The Washington Post

Businesses donate much needed cash to charities strangled by shutdown

Some local businesses are coming to the rescue of charities in need of cash during the partial federal government shutdown.

Capital One gave a $250,000 donation to return to work the furloughed staff of the Latin American Youth Center.

With contract reimbursements on hold due to the federal government shutdown, LAYC had insufficient cash to operate at full capacity. Last week the Columbia Heights nonprofit, which offers youth development services to 5,000 children each year, announced it had reduced its operations to essential services.

The gift from Capital One will restore the charity’s usual programming, which includes job training, education and mentoring.

Capital One also gave $100,000 in response to a challenge grant issued today by United Way for the National Capital Area that will create an emergency assistance fund for area charities.

The funds will provide food resources and short -term financial assistance with rent and mortgage payments, and overdue utility bills, Rosie Allen-Herring, head of United Way National Capital Area, said in a statement.

The money will be granted to four charities that provide food assistance, which include Capital Area Food Bank, SHARE Food Network, Meals on Wheels and Martha’s Table.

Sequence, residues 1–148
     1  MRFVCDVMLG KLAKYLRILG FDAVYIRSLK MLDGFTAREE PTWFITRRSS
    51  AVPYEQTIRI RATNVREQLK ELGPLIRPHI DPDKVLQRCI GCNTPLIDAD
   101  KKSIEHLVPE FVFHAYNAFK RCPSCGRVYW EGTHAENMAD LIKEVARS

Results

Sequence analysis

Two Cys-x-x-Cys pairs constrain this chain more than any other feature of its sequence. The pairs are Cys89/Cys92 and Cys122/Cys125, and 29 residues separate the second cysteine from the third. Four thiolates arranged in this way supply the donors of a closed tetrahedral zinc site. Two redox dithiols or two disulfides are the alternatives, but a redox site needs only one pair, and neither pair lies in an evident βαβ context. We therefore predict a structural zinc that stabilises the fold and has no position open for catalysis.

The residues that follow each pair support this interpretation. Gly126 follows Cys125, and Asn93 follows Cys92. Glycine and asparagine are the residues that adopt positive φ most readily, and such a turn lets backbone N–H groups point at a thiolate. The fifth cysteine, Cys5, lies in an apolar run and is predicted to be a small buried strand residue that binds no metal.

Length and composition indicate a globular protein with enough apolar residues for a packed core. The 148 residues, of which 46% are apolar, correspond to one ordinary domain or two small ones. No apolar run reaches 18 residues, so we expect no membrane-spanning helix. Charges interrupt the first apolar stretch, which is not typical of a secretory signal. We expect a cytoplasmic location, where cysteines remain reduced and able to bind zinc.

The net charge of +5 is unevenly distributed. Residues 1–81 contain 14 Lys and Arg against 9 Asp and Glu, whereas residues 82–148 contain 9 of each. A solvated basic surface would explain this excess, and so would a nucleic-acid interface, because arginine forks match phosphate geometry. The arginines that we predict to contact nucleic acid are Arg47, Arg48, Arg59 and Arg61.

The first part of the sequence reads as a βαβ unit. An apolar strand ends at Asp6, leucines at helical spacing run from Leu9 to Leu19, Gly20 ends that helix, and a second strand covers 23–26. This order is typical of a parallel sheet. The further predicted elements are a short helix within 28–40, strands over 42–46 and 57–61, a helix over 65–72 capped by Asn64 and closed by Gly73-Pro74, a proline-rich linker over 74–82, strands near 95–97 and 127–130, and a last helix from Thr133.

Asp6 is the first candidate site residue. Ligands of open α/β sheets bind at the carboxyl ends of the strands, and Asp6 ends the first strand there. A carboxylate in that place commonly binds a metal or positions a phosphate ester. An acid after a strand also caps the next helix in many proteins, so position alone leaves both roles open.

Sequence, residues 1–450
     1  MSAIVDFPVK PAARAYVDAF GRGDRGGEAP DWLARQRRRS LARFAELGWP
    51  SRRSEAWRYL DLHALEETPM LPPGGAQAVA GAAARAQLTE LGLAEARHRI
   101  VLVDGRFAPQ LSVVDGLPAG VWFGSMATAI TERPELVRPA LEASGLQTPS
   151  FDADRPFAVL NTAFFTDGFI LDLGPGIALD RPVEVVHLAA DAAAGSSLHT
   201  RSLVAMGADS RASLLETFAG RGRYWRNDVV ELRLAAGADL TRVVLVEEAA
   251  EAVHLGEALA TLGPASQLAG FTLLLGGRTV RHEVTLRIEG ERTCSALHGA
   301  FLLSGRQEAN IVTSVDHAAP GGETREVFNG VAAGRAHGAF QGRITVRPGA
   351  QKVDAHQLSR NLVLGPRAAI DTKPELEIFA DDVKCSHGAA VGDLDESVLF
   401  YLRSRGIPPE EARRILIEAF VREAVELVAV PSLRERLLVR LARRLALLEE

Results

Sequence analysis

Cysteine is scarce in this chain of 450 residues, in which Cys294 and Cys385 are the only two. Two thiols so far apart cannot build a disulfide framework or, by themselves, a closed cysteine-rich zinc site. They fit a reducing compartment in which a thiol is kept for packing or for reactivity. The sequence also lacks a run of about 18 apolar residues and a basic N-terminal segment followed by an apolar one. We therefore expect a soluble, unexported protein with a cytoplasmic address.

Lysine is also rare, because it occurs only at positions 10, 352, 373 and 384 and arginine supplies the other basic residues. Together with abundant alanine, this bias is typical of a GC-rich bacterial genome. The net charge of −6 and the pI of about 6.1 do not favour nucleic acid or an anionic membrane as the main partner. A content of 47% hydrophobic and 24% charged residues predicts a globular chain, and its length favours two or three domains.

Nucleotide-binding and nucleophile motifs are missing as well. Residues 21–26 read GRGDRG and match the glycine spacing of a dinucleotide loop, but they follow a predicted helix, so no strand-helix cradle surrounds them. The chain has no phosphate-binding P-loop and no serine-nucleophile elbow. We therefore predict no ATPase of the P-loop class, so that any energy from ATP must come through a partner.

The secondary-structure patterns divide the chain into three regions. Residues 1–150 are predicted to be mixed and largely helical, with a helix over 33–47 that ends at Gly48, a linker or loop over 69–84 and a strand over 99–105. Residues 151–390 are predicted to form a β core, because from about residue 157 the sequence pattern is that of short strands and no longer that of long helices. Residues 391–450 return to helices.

“This generosity has never been more important than it is today,” said Nancy Roman, president and chief executive of the Capital Area Food Bank.

Pepco has also donated $15,000 to the fund which will support Mary’s Center, Greater Washington Urban League and Interfaith Works.

Grantees are not expected to pay back the money.

Emergency funds during the shutdown could be a life-saver for groups such as Sasha Bruce Youthwork, which announced last week that it furloughed nearly half its employees, reduced services and began preparing to shutter operations if federal reimbursements do not start flowing soon. Since the announcement, the group, which operates a homeless shelter for youth, said it received $9,000 in emergency funds from individuals so far.

Vanessa Small covers philanthropy and nonprofits for Capital Business. She also spotlights newly appointed executives in the New at the Top column, which chronicles their journeys to the top. Small was raised in Orange County, Ca. and graduated from Howard University.



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